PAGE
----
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School shake-up cops a caning

SMALL schools across the Clarence Valley will undergo a major shake-up from 2016, with some parents and teachers viewing the restructure as a major step backwards.

Harwood Island Public School P&C president Danielle Hollis said the reforms, which are part of the Local Schools, Local Decisions policy, would result in many small schools being downgraded and stripped of their autonomy under a 'Hub and Spoke' model.

"We understand that under this model it is quite possible for our school, Harwood Island Public, to be reclassified," Mrs Hollis said.

"This would mean we would have a leading teacher rather than a principal on site.

"We also understand that this would bring us under the auspices of a larger school."

She said the proposal demonstrated a complete disregard of small schools and rural communities.

"Small schools were an integral part of the community and to imply that rural students do not need a principal on site to oversee the day-to-day management and educational leadership within a school would be a step backward," Mrs Hollis said.

"Knowing that a principal is on site to deal with situations and meet with parents and communities are an extremely important aspect of small schools, especially in locations where there are often no police or medical services."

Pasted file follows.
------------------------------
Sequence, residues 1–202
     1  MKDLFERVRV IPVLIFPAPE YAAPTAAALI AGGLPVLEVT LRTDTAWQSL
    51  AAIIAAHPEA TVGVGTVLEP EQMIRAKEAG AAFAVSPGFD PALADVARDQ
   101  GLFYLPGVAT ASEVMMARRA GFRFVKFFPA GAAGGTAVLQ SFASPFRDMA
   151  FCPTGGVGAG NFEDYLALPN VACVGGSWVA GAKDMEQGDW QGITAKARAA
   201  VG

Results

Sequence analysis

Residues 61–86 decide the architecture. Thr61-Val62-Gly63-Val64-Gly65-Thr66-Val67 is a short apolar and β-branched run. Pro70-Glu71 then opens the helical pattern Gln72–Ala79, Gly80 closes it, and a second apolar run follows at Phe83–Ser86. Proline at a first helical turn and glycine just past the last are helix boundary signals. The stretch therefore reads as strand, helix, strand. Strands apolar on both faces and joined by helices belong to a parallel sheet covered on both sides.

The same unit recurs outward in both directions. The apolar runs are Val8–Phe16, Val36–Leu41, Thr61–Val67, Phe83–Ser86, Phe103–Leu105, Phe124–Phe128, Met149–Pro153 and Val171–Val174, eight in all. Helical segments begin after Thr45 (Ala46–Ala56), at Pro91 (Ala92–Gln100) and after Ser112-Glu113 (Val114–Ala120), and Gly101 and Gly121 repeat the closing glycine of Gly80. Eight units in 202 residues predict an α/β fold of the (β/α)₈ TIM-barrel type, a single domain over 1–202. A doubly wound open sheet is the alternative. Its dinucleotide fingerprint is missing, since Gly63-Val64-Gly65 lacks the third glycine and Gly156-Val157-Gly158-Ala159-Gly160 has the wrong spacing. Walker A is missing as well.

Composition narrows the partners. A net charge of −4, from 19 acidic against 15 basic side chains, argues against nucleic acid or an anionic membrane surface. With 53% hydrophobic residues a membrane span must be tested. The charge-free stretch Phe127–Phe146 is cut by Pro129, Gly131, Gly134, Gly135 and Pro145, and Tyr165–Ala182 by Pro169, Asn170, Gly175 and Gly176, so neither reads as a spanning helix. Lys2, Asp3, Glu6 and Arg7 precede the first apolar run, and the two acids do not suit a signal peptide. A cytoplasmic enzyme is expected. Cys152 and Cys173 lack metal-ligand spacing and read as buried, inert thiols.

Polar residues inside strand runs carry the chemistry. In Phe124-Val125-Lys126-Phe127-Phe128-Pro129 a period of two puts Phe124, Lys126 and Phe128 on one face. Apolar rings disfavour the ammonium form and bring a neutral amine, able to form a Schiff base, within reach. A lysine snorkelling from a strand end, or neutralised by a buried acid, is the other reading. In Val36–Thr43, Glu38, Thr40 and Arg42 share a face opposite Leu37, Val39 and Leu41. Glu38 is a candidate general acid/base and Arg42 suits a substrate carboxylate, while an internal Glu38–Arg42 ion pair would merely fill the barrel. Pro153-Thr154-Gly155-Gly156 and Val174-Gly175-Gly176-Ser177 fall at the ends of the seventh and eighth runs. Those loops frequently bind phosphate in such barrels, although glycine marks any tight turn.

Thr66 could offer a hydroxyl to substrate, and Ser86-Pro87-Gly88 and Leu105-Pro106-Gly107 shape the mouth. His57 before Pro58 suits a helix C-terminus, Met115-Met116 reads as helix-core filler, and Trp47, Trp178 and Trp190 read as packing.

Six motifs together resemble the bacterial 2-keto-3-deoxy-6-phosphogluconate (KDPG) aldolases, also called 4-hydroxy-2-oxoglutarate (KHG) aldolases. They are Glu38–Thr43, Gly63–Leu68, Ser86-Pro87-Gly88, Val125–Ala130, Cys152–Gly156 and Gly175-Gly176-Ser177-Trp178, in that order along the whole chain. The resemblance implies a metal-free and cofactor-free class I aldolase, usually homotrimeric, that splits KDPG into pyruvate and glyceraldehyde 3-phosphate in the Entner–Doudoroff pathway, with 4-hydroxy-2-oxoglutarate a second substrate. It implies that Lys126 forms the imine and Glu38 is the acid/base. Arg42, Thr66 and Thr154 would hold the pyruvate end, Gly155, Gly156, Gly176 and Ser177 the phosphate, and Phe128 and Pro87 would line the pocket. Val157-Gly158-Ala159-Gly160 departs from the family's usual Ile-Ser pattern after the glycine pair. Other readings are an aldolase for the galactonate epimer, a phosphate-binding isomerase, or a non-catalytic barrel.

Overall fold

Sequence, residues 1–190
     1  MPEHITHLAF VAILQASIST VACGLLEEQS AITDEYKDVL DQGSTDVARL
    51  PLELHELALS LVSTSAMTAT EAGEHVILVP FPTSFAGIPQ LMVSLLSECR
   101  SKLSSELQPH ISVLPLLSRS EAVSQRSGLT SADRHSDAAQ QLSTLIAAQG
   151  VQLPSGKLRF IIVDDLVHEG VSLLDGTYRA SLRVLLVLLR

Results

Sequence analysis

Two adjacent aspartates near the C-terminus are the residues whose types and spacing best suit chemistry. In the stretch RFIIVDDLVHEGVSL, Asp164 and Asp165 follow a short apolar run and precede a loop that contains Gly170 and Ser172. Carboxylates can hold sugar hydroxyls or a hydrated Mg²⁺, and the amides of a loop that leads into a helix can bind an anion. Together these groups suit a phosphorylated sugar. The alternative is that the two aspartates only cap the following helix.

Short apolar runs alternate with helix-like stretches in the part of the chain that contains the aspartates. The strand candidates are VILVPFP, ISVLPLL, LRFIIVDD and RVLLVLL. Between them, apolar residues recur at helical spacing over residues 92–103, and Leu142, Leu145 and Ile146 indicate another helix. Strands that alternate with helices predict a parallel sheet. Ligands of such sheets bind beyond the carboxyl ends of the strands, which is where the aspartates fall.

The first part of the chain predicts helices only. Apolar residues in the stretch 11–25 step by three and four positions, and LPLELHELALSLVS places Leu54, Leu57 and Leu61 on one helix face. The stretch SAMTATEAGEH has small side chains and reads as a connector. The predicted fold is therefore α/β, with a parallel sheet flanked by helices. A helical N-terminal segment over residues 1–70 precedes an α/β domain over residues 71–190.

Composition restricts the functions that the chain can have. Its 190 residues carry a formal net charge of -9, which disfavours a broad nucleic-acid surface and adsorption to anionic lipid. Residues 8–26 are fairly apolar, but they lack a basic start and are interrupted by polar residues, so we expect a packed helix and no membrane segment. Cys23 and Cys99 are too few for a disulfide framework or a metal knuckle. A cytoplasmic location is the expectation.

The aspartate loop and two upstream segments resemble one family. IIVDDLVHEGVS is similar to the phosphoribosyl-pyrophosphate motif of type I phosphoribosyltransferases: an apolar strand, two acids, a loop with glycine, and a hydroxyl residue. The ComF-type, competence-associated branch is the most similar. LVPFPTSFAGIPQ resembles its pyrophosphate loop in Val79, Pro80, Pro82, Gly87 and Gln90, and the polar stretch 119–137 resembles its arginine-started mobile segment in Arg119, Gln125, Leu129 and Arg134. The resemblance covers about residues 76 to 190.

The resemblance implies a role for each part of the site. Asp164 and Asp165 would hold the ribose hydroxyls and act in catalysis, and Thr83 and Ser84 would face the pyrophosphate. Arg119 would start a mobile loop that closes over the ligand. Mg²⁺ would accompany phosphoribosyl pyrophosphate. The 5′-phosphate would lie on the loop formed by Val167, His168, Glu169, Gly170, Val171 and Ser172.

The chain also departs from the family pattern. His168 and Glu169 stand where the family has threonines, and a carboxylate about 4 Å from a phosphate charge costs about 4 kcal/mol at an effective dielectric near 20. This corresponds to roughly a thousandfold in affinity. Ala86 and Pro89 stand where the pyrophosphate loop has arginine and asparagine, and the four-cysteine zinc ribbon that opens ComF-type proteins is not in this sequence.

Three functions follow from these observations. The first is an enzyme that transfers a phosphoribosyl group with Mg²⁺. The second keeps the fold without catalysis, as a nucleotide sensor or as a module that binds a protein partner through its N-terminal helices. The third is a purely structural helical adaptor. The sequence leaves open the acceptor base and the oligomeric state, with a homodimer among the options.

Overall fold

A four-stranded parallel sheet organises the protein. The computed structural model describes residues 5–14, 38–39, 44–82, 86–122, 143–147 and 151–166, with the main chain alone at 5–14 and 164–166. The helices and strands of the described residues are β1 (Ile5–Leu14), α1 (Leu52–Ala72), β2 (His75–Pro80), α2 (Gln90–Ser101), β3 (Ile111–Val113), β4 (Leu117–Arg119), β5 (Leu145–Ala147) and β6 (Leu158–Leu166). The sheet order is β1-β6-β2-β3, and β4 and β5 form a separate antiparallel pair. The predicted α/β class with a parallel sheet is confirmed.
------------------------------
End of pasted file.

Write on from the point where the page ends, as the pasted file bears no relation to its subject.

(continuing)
Mrs Hollis said a state-wide petition is being promoted via Get Up, calling for NSW Education Minister Adrian Piccoli to reconsider the restructure which was tied to a salary agreement made by the NSW Teachers Federation earlier this month.

NSW Greens MP John Kaye said he supported the petition and would raise the issue in Parliament when it resumed in 2014, seeking to ensure the security for small schools into the future.

He said although the Government appeared to have backed down somewhat from their original 'Hub and Spoke' proposal, he said long-term cuts to small schools were still clearly on the agenda.

"They see them (small schools) as expensive, despite the fact they provide enormous support to the communities they serve," Mr Kaye said.

"Small schools are the intellectual heart of many small communities, the central nervous system and defining characteristic of identity and to take them away would destroy that unique identity."

Meanwhile a spokes-person for the NSW Department of Education said as the agreement had now been reached it was an operational matter rather than a political one.

From 2016 the classification and salary of all new principals will be based on school complexity and will eventually apply to all NSW government schools and principals.

Mr Piccoli said the reforms would allow associate principals to spend more time on face-to-face teaching with less time out of the classroom.

"This seeks to address the concerns of principals and parents in smaller schools who want to spend more time in the classroom and less time on administrative and management activities," Mr Piccoli said.



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